SETAC Globe - Environmental Quality Through Science
 
  8 November 2012
Volume 13 Issue 11
 

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Third International Conference on Chemicals Management in Nairobi, Kenya

Mike Mozur, SETAC Global Executive Director and Aviti Mmochi, SETAC Africa Council

SETAC has been an active stakeholder as a non-governmental organization (NGO) in the Strategic Approach to International Chemicals Management (SAICM) since 2007 and an active participant in the various international conferences keyed to SAICM strategy and implementation. We attended ICCM2 in 2009 in Geneva and representatives from our geographic units have attended, with SAICM financial support, most regional SAICM meetings in intervening years. It was against this background and track record that we traveled to Nairobi for ICCM3.

The Nairobi meeting, held at United Nations Environment Programme (UNEP) headquarters, brought all SAICM stakeholders together: some 170 governments, the 12 major international governmental organizations (mainly from the UN system and the Organisation for Economic Cooperation and Development [OECD]) and 70 NGOs. The discussions focused on coordination of joint activities on a number of identified chemicals management issues, principally those identified as “emerging.” Three years ago, ICCM2 launched joint work on chemicals in products, lead in paint, nanomaterials and e-waste. In the interim since 2009, PFCs have been added as an area of concern and ICCM3 considered adding endocrine disruptors (agreed) and pharmaceuticals in the environment (not agreed). SETAC provided scientific input on persistent organic pollutants (POPs)/persistent bioaccumulative toxic substances (PBTs) and general emerging issues in 2009 and offered comments on endocrine disruptors and pharmaceuticals in preparation for ICCM3, with SETAC advisory groups generating the submissions.

During the conference, we managed to establish contacts with a range of delegates from stakeholder governments, the UN system (UNEP, Food and Agriculture Organization of the United Nations [FAO], OECD, etc.) and international and local NGOs. We continued our dialogue with Sylvie Lemmet, Director of UNEP’s Division of Technology, Industry and Economics and our key counterpart for the UNEP/SETAC Life Cycle Initiative and with Prof. Abdouraman Barry, the UNEP Africa Regional Coordinator. In many conversations, we explored ways that we might collaborate in support of SETAC meetings in 2013, particularly with regard to the SETAC Africa meeting in Lusaka next September. We presented all delegations with a fact sheet on SETAC and ensured wide attention to upcoming meetings in Long Beach and Glasgow.

On SETAC science and the SAICM process, we made two interventions from the plenary floor. The first was to inform the broader group on the very active SETAC program on endocrine disruptors, where we have a new advisory group on Endocrine Disruptor Testing and Risk Assessment (EDTRA), SETAC Europe had a Special Science Symposium scheduled for October in Brussels and constant attention at sessions at our various meetings around the world. We also touched on pharmaceuticals, an area where our global advisory group has been working for some time. In our second intervention, we took the floor to stress the importance to SAICM of life-cycle assessment and thinking and underscored the important work ongoing in the UNEP/SETAC Life Cycle Initiative since 2002 and now entering its Phase 3.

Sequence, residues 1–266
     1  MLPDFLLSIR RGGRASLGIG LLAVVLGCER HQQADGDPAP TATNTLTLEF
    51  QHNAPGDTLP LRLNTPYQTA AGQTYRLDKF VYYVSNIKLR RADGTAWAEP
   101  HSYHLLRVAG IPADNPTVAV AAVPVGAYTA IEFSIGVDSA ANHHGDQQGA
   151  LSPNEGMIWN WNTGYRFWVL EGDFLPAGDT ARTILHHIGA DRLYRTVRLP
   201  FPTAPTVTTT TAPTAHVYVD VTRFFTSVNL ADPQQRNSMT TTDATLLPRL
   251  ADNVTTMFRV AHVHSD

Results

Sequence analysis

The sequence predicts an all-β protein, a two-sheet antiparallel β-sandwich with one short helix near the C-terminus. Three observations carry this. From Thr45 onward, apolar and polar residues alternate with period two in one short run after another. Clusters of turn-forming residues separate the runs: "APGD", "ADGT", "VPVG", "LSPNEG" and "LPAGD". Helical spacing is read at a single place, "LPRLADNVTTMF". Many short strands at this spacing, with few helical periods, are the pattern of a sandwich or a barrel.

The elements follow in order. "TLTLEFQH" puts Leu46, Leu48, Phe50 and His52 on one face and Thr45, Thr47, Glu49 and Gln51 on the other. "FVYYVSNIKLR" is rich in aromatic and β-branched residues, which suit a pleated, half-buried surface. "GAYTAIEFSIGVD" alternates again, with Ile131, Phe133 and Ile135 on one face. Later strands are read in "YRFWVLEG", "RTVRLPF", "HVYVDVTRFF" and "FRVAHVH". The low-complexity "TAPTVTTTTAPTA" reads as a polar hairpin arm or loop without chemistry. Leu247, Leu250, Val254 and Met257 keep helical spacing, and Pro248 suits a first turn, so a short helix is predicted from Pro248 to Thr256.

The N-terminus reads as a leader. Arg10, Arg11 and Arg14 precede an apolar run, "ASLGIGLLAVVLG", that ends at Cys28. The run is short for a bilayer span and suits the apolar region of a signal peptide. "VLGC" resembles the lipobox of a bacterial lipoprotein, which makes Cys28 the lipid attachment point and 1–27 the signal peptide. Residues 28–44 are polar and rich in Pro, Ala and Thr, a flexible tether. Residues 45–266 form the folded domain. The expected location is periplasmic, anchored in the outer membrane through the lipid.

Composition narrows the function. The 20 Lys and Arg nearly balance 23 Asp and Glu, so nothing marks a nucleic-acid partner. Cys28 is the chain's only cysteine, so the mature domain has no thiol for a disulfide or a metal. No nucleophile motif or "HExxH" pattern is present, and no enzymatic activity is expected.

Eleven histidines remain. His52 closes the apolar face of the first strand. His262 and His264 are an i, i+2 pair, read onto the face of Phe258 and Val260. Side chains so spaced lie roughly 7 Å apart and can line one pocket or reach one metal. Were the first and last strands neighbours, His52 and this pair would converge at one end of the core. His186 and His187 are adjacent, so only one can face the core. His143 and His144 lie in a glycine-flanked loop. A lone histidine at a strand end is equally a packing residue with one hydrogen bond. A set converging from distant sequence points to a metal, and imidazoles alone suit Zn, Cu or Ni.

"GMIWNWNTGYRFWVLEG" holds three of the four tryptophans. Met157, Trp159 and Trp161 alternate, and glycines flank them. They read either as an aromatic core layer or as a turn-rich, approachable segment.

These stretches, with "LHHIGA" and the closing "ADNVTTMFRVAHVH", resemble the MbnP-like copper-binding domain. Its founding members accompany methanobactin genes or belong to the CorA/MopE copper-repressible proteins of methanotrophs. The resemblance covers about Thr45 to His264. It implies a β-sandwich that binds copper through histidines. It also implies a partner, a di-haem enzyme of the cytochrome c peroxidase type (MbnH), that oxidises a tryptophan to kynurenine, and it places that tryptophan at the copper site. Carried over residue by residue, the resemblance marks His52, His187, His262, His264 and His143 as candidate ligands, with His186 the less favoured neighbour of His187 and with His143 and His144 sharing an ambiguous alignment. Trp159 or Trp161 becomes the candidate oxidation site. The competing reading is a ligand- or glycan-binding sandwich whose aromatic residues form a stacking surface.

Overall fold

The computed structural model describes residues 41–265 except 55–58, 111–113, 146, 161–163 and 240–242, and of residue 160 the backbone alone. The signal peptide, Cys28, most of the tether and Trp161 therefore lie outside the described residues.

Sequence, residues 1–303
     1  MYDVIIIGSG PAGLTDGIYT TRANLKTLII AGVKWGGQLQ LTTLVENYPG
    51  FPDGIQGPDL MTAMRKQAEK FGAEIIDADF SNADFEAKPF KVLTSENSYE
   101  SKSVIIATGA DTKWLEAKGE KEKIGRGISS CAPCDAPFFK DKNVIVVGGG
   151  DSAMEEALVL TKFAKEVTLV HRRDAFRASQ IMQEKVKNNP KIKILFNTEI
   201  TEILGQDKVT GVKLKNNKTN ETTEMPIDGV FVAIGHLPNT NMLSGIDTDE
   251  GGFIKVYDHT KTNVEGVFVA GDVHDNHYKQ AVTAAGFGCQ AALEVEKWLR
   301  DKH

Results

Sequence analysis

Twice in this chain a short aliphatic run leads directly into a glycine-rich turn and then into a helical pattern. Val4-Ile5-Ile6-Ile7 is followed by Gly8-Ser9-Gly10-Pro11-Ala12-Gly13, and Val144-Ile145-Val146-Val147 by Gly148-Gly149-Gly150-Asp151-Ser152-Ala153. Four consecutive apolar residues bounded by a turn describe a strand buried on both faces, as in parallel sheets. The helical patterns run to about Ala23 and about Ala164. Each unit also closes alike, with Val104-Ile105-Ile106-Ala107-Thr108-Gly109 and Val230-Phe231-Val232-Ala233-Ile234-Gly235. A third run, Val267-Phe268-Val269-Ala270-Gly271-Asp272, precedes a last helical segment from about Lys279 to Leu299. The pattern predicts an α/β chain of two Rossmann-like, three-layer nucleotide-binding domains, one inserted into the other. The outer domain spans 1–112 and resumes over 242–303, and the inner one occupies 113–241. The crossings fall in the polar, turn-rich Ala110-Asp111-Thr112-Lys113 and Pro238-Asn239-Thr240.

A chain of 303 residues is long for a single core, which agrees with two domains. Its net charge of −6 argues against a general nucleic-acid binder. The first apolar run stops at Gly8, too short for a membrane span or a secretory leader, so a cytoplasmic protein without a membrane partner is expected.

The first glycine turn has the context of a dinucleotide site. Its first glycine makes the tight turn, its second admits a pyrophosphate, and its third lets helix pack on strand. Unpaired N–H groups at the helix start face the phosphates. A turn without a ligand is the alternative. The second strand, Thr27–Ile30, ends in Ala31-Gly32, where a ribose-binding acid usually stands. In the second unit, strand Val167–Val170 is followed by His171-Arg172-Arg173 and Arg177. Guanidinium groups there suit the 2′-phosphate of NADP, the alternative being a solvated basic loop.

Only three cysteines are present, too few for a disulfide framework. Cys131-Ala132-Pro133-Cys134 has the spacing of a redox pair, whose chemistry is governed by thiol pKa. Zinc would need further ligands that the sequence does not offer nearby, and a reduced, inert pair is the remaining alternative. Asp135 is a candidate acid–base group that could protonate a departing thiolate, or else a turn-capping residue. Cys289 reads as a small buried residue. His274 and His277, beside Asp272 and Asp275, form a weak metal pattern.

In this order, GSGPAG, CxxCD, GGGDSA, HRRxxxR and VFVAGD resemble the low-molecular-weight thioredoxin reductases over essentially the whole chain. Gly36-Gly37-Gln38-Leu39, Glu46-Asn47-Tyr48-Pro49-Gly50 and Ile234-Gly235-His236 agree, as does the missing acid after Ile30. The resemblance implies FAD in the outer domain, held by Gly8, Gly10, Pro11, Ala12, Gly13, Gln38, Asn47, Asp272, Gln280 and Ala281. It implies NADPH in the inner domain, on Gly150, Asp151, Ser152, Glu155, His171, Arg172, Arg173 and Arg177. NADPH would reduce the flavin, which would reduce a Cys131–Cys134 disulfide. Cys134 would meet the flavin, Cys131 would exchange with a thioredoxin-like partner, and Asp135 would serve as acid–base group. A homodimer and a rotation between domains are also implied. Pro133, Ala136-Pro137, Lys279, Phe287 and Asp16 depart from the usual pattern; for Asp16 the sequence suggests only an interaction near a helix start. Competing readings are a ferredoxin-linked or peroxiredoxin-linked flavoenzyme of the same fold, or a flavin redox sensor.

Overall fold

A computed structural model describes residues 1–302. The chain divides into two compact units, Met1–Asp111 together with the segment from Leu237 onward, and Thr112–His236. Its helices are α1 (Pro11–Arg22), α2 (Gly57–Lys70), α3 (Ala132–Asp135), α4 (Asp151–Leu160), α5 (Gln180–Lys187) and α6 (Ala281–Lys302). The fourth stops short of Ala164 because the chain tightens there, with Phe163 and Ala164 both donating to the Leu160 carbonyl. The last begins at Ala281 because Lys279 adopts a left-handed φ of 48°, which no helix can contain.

Some of our best discussions were within the regional caucuses, where we were able to attend the meetings of the Africa and Latin American/Caribbean groups. Working with David Kapindula, SETAC member from Zambia and Chair for the Africa meeting, we were able to brief African delegates on SETAC globally and on SETAC in Africa. We also circulated a PowerPoint presentation and were welcomed by some delegates who remarked that it was high time that SETAC, an organization with a solid foundation and international connections, was consolidated in Africa. This outreach will prove particularly helpful as we begin preparations for next year’s SETAC Africa conference in Zambia and we hope that a number of Nairobi attendees will join us in Lusaka.

We also briefed the Latin America/Caribbean group on SETAC activities in the region, including the then upcoming regional chapter meetings in Brazil and Buenos Aires and the geographic unit meeting in Buenos Aires in 2013. As is the case with Africa, this outreach to government representatives is particularly important as we work to build the SETAC tripartite model around the world.

Looking ahead to the future work of SAICM and a future ICCM4, it is clear that SETAC science is important to the process and that SETAC’s member-driven activities on such key topics as endocrine disruptors, POPs, pharmaceuticals, nano-materials, PFCs and others will be relevant to our fellow SAICM stakeholders. We can look forward to channeling our scientific findings and judgments to a global audience of decision-makers and civil society groups, thus ensuring SETAC’s relevance and promoting our science and tripartite Society globally.

We invite questions and comments from the SETAC membership and look forward to working with the World Council, geographic unit Councils and Board and the International Programs Committee to continue to develop and build on this excellent international audience for SETAC’s science and programs.

Authors’ contact information: mmozur@setac.org; mmochi2003@yahoo.co.uk

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